Between Alistair, Loghain, Levi, and Mhairi, they started calling out orders, and the soldiers began unpacking the supplies off the carts. A stretcher was brought to carry Faren into the Keep, and the eluvian, covered with thick blankets, was lifted and taken in as well. Only once most of the people had dispersed to do their assigned tasks was a second stretcher loaded with the Architect, and Alistair and Loghain carried it inside, me trailing behind them with Jowan at my side.

We took him up into Avernus' tower; not only would it perpetuate the rumour that he was being kept up there, but it would allow me to stay inside the Keep – rather than the Deep Roads – until Aedan arrived, hopefully with help in tow, to build a cell to contain the Architect. We planned to sneak him down into the 'research facility' we'd found inside the Deep Roads once we had everything prepared. In the meantime I'd have Jowan and Avernus, in addition to Alistair, to help me keep an eye on the Architect and ensure he didn't wake up.

"Sierra?" Jowan whispered to me, once we were alone and halfway up the tower stairs. "Are you alright?"

I sighed. "Just tired. Have to stay awake to keep from letting go of his mana." I wasn't really sure how much Jowan knew about what had happened to me when Faren and I had been captured by the Architect; I thought he might have helped with my rescue, but given that I'd been in a magic-induced sleep for days after we'd been freed, I couldn't be certain. "I'll live. I've done it before, and Aedan should be here in the next day or two. Thanks for the help, though. I feel much better now."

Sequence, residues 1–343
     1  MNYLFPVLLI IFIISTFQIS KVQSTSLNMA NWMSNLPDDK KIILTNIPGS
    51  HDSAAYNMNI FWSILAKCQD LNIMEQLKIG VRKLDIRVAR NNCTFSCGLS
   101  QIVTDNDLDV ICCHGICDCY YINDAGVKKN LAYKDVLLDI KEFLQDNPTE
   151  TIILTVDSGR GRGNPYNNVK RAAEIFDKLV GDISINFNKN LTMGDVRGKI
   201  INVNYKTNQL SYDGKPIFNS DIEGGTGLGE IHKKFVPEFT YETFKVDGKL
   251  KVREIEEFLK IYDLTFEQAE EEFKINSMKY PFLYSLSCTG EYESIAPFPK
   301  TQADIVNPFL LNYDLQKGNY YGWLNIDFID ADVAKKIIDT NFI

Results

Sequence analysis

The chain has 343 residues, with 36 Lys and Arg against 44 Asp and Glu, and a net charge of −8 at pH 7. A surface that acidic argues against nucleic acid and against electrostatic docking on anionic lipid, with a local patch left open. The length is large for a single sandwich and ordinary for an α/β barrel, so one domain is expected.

He grimaced. "You're going to pay for it later, just so you know. I can't prevent the effects of sleep deprivation, just...delay them a bit. Not even Anders can make it so you don't need to sleep at all."

"I'll sleep when I'm dead," I grumbled. Jowan's eyes widened, and I took pity on him. "It's a joke. Once he's safely contained," I corrected. "Don't worry."

We finally made it to the top of the tower, and the Architect was left tied up on a makeshift bedroll in a small storage closet; Jowan brought me a chair to sit on outside the door, and I collapsed into it gratefully. That's where I was – with Alistair holding my hand and Loghain eyeing me speculatively – when Avernus shuffled into the room from his lab.